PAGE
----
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August 4, 2011If you've kept up with Quentin Saulsberry, you heard this oft-repeated stat: he's entering his fourth year and is starting at his fourth different position on the offensive line.
The steady, versatile senior moonlighted as a center last year in a couple games, but with the graduation of J.C. Brignone, Saulsberry is moving to the middle of the line permanently.
The philosophy under offensive line coach John Hevesy is that, "If you can play at one spot on the line, you can play at all of them." Saulsberry has discovered that to be quite literally true, and Hevesy respects him for it.
"No matter what sport, what team or what event you do, when you have a kid that has not only played but everyone on the team looks up to as a leader physically, mentally, everything he does as a character kid," Hevesy said. "You can't ... it's no different than with Derek (Sherrod) last year. That's a kid everyone looks up to and respects. Not for what he does and how he plays, but for who he is and how he does it."
At 6-foot-2, 300-pounds, Saulsberry has the size for versatility and he played at three different positions in 2010. He started 10 games at right guard, but got two starts at center, against Houston and Florida, in Brignone's injury-caused absence.
Brignone was a multi-year starter for the Bulldogs and a stalwart since Hevesy arrived at MSU, so seeing Saulsberry fill in admirably for Brignone, particularly in a run-heavy game against the Gators, gives Hevesy confidence that his new center will be just fine.
"He went down to Florida and started a game at Florida, which is no easy task to go to Florida and have to play that first game at a new position - no matter center - on the road in an environment like that," Hevesy said. "Again, I think you have all the confidence in Quentin. It doesn't matter what you ask him to do, he's gonna do it as hard as he can."
Asked if he can remember coaching a player who started in so many spots, Hevesy said the closest he's seen to such versatility as Saulsberry was Markice Pouncey when he was at Florida with Dan Mullen.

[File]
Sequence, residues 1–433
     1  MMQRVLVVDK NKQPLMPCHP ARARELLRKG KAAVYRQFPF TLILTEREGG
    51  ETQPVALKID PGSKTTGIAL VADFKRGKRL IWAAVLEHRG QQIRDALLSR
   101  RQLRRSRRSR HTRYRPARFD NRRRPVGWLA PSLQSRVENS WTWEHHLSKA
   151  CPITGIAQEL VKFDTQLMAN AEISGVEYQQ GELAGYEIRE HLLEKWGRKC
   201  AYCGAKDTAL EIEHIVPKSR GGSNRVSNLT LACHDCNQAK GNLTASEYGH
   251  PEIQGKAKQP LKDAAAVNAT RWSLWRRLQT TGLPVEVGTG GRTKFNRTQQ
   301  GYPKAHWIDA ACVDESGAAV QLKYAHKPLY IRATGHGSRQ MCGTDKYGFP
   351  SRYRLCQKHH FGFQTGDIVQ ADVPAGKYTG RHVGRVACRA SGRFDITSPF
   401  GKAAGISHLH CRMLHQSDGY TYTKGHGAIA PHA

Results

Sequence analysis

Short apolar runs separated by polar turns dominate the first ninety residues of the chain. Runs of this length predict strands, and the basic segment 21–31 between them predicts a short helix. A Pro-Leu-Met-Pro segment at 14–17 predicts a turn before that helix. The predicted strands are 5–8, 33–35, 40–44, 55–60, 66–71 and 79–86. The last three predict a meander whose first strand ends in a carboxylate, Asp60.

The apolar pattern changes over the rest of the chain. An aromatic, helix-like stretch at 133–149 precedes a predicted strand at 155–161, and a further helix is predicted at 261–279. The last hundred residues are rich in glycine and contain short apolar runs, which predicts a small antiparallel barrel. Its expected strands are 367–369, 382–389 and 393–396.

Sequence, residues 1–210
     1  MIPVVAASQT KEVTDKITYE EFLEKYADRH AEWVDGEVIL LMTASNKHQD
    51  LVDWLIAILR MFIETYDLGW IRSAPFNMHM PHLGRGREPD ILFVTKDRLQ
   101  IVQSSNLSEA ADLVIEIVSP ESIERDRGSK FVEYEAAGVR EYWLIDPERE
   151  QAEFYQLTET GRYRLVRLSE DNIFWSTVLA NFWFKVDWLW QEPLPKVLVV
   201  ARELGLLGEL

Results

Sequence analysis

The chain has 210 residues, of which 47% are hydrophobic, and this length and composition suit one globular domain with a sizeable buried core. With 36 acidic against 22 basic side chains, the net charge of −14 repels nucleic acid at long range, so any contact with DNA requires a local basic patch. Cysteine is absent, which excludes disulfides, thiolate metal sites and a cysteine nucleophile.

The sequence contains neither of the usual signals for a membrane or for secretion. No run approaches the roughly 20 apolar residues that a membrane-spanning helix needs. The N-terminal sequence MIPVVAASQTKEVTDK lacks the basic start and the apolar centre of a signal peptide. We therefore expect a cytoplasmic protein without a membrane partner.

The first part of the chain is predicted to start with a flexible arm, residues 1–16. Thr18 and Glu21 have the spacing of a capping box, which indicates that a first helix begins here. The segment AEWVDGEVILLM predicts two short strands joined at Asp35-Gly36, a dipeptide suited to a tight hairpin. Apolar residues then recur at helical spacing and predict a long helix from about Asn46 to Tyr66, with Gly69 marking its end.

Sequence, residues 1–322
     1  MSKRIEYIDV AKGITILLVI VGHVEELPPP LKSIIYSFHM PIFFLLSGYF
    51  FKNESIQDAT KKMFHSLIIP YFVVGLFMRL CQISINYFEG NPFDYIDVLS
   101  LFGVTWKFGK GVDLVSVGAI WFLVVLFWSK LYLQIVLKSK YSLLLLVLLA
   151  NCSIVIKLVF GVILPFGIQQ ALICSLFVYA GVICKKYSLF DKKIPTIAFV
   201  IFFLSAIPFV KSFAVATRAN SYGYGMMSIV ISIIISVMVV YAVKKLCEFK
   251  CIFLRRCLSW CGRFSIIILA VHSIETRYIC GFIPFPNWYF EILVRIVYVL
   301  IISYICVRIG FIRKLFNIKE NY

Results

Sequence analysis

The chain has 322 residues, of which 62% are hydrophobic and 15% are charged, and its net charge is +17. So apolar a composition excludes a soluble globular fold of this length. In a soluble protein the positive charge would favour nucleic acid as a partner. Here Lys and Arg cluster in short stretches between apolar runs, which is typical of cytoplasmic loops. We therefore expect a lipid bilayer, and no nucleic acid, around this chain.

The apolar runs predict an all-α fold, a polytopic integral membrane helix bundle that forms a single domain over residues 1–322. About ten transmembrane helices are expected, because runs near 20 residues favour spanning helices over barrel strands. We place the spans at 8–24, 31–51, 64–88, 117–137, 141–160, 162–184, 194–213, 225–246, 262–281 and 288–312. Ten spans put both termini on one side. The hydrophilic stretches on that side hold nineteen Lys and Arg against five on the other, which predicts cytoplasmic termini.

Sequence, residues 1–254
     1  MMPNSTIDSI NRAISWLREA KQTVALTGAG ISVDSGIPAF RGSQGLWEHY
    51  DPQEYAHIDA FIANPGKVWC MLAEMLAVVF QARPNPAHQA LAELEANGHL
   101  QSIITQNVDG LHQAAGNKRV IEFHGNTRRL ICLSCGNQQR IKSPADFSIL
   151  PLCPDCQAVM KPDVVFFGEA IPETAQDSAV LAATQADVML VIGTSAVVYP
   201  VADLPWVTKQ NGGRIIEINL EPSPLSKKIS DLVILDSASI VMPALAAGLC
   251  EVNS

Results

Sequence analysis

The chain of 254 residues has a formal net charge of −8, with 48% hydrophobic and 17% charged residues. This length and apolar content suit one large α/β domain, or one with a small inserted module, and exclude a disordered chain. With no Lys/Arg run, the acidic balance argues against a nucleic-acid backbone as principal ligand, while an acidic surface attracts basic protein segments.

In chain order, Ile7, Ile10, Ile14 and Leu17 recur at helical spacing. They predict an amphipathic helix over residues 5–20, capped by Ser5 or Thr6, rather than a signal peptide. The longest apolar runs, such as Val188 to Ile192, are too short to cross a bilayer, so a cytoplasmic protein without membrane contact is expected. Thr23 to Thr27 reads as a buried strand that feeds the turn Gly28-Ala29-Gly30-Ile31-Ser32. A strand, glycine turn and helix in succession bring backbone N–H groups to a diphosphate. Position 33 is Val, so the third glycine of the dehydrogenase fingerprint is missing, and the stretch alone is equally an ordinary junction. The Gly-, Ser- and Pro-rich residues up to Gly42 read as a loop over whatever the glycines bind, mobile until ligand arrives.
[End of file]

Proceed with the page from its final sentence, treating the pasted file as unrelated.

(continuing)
Pouncey is, of course, in the NFL now, somewhere Saulsberry hopes to be one day, too. The question for Saulsberry is what position he will play. Is his future in football as a center?
"As a football player, you do think about that," Saulsberry said. "What's best for you and what's best for when you go the next level. Right now, it's about what's best for my team. If my team needs me at guard, I'll play guard. If my team needs me at tight end, I'll play tight end. You have to be that team player. Even at the next level, you shouldn't have to worry about what position I need to play. You give up that I and see what do we need to do to be successful."
Saulsberry will be the leader of a mostly-experienced offensive line, playing alongside senior Addison Lawrence at right tackle, sophomore guard Gabe Jackson and junior guard Tobias Smith.
In the eyes of outsiders, the biggest question mark on the line is left tackle, where Hevesy must replace a first-round NFL draft pick in Sherrod. However, few seem to be worried about Saulsberry taking over at center for Brignone, now with the Chicago Bears. In Hevesy's eyes, that confidence speaks to his center's reliability.
Saulsberry, though, said he is not worried about either position.
He feels he learned a lot in his two-game stint at center in 2010, and he is confident in both himself and the line as a whole.
"It was a good experience for me," Saulsberry said. "Coach Hevesy always explained to me, if you can play one position you can play all of them. As an offensive line, we've got to be a unit. We gotta have unity and know what each other is doing. If we know what each other is doing, it makes our job even better."